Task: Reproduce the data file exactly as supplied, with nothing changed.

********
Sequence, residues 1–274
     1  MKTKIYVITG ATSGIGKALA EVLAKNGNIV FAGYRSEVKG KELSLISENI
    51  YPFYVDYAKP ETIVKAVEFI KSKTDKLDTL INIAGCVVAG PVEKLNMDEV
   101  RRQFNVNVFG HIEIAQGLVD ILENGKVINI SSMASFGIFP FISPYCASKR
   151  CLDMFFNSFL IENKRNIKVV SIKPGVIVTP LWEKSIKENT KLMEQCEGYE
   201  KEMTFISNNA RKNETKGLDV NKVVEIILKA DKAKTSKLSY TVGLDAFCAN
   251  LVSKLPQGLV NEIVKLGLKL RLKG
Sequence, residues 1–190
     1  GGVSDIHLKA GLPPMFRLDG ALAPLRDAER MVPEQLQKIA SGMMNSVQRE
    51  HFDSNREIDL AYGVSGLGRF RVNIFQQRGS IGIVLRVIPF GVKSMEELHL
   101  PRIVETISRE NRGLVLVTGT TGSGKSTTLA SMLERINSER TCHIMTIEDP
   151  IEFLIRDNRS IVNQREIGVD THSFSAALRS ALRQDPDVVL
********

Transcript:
Sequence, residues 1–274
     1  MKTKIYVITG ATSGIGKALA EVLAKNGNIV FAGYRSEVKG KELSLISENI
    51  YPFYVDYAKP ETIVKAVEFI KSKTDKLDTL INIAGCVVAG PVEKLNMDEV
   101  RRQFNVNVFG HIEIAQGLVD ILENGKVINI SSMASFGIFP FISPYCASKR
   151  CLDMFFNSFL IENKRNIKVV SIKPGVIVTP LWEKSIKENT KLMEQCEGYE
   201  KEMTFISNNA RKNETKGLDV NKVVEIILKA DKAKTSKLSY TVGLDAFCAN
   251  LVSKLPQGLV NEIVKLGLKL RLKG
Sequence, residues 1–190
     1  GGVSDIHLKA GLPPMFRLDG ALAPLRDAER MVPEQLQKIA SGMMNSVQRE
    51  HFDSNREIDL AYGVSGLGRF RVNIFQQRGS IGIVLRVIPF GVKSMEELHL
   101  PRIVETISRE NRGLVLVTGT TGSGKSTTLA SMLERINSER TCHIMTIEDP
   151  IEFLIRDNRS IVNQREIGVD THSFSAALRS ALRQDPDVVL